According to Webster’s New World Dictionary, a Rogue is either “a rascal; scoundrel” or “a fun-loving, mischievous person.” Obviously, the folks at Nissan don’t think of their Rogue as a rascal or a scoundrel. But fun-loving and mischievous don’t really apply, either. Redesigned for the 2014 model year, the Rogue is Nissan’s entry in the rapidly expanding compact-crossover derby. It’s comfortable, bigger than some of its competitors, and nicely turned out within, plus it earned top safety ratings with the major testing bodies and is almost totally devoid of driver gratification. Some of the solid foundations are taken from the Sentra sedan, with the addition of available all-wheel drive, elevated ride height, bigger dimensions, more interior volume, and the option of three-row seating. Unlike its subcompact cousin, the Juke, there’s no hot-rod NISMO variant. There is just one Rogue powertrain: a 2.5-liter naturally aspirated four-cylinder—170 horsepower, 175 lb-ft of torque—paired with a continuously variable automatic transmission (Xtronic CVT, in Nissan-speak). Changes have been minor since our 2014 test and the Rogue still stacks up as bland, although its 2015 sales totaled 287,190, nearly 88,000 more than the previous year and second only to the Altima among all Nissans.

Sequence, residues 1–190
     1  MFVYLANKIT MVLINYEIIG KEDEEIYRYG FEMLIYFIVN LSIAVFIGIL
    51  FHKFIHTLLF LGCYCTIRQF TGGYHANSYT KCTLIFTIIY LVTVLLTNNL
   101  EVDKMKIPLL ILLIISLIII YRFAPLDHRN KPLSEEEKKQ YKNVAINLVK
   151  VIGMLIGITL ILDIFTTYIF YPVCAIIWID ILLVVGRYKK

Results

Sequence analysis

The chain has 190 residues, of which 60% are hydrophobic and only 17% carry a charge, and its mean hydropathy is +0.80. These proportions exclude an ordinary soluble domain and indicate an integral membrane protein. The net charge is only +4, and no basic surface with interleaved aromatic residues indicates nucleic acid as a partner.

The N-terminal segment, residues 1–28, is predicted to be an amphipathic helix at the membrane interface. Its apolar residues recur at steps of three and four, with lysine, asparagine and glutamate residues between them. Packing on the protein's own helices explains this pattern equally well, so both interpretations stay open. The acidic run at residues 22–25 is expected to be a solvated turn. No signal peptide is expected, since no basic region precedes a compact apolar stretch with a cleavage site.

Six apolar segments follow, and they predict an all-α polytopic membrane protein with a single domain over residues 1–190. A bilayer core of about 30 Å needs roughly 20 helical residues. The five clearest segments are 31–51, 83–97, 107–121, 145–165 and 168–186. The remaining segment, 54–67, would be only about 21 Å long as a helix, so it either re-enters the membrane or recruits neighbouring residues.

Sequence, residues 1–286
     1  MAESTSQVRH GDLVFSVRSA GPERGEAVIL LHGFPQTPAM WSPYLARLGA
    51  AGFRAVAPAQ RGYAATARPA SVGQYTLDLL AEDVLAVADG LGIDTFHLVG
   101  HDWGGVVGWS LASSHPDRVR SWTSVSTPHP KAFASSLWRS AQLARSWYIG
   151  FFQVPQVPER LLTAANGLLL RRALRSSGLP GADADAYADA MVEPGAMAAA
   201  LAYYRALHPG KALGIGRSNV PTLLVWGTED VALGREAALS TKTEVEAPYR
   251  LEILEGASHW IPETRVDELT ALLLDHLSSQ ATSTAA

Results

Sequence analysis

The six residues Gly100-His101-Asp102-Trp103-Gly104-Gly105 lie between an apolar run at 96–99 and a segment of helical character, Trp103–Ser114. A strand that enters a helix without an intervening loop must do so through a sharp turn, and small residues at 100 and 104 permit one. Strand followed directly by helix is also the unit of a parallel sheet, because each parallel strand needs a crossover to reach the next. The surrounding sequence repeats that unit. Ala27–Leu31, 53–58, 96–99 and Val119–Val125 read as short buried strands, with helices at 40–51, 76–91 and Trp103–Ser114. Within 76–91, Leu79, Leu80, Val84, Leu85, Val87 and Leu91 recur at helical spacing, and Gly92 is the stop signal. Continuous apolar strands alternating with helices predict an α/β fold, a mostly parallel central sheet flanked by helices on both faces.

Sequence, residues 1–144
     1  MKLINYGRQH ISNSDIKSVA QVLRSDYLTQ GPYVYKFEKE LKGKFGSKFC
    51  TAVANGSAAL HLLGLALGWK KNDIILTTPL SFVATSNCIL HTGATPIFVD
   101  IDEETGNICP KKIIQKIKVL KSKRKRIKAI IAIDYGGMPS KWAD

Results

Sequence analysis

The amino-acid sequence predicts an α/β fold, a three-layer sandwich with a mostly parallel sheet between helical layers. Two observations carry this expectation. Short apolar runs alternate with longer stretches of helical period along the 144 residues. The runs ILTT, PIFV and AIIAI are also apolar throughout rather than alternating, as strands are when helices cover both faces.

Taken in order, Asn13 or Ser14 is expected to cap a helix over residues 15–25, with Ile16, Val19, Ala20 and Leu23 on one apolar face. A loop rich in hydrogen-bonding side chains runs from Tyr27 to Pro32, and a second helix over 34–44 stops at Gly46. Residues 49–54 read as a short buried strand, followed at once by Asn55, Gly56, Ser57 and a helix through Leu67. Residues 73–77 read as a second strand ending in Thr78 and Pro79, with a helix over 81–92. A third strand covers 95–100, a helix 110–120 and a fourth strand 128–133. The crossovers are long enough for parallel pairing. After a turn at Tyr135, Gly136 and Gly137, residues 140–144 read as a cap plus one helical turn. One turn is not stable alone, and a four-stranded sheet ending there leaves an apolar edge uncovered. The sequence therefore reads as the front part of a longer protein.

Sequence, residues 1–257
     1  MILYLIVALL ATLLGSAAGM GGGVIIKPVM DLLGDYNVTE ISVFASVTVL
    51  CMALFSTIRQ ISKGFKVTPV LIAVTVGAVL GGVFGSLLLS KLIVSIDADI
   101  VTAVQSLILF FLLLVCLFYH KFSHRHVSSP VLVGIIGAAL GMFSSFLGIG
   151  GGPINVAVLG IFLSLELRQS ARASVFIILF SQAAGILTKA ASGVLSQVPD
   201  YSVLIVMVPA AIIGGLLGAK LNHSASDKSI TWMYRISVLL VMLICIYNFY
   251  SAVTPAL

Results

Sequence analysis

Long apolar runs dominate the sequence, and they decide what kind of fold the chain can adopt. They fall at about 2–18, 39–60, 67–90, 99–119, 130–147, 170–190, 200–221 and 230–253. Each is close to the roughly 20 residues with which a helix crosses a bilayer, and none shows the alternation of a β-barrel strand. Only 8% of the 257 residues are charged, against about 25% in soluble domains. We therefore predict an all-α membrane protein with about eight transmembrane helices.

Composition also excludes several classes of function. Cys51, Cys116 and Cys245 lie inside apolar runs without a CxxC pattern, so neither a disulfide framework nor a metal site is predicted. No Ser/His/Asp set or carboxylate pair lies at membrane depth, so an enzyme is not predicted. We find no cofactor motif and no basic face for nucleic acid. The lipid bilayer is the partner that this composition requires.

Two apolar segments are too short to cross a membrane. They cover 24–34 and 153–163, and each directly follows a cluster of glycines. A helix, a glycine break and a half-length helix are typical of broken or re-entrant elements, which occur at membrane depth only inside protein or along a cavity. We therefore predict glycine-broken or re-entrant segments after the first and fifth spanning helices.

The Rogue is stylish on the outside and attractive inside, with comfortable seats, decent materials, and a goodly array of available comfort, convenience, and connectivity features. The second-row seats adjust nine inches fore and aft, there’s ample cargo space in five-passenger models, and controls are readily identifiable—no mysteries, no tedious rummaging through the owner’s manual. Also, the center stack includes actual knobs for tuning the radio and making HVAC adjustments.